“The film has to have strong marketing potential from the moment it pops into the writer-director’s head,” says Kevin Greutert, the director of the upcoming Jessabelle and Visions, both produced by Blum. “The concept and the images associated with the story have to excite the marketing department, or else no one will be interested in distributing your movie.”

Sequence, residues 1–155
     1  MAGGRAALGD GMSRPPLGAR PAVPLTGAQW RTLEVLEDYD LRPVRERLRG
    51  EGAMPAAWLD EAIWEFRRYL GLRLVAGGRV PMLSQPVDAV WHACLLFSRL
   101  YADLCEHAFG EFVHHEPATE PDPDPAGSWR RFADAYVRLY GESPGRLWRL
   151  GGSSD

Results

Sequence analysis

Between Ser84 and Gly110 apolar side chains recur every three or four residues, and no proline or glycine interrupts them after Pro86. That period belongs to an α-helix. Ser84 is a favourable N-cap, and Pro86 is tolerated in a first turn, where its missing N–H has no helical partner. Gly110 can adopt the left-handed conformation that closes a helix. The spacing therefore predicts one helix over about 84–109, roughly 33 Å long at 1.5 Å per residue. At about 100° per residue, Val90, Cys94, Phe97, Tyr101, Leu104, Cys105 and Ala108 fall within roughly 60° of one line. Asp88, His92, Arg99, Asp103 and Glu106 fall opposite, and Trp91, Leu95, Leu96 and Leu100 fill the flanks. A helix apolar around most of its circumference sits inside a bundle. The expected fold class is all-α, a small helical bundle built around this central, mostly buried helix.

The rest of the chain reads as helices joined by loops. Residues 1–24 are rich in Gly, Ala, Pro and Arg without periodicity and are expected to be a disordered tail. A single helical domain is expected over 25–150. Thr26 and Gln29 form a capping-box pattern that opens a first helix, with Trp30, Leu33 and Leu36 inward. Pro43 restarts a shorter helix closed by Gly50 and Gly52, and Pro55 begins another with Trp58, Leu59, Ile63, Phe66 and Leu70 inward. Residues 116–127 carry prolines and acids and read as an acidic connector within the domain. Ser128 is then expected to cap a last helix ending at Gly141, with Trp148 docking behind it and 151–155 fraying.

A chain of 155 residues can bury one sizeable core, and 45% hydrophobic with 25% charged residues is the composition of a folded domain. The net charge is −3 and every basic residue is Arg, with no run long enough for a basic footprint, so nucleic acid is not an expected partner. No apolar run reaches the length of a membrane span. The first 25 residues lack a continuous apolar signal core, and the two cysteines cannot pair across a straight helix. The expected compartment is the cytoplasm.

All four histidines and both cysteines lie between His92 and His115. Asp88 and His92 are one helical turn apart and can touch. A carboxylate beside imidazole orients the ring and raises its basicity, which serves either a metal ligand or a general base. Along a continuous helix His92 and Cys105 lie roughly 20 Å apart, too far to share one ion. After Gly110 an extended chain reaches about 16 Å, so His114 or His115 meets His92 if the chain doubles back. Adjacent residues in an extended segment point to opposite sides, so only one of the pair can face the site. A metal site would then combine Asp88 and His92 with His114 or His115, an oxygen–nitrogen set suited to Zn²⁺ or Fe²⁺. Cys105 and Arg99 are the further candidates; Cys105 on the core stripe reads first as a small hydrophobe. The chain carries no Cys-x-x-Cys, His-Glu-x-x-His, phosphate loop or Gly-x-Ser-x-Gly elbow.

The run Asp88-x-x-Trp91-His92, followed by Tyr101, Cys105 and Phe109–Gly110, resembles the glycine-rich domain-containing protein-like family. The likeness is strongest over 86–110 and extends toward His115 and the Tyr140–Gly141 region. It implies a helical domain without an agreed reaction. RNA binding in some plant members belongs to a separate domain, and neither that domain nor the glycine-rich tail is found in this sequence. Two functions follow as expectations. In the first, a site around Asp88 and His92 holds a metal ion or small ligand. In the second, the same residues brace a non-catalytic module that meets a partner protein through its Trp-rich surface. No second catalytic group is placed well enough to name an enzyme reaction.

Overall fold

Horror distribution—either self-distribution or through a distribution company—has left many moviemakers battle-hardened. Sometimes it seems like independent moviemakers need a PhD in economics. “One film I produced certainly opened my eyes to the realities of distribution economics,” says Travis Stevens, owner of production company Snowfort Pictures, Inc., and producer of the Adam Wingard-directed A Horrible Way to Die. “We made the film for $96,000. It played the festival circuit, had a great sales agent, and secured distribution around the world. The advances from those distribution deals brought in roughly $250,000, of which the sales agent kept $50,000, leaving about $200,000 to the producers. The investors recouped their $96,000, leaving $104,000 of profit. On this deal, the investors were entitled to 50 percent of the profits, leaving about $52,000 to be split between the three filmmakers. We made about $17,000 each for a movie we worked on for free about three years. You could probably make more buying or selling shoelaces on eBay!”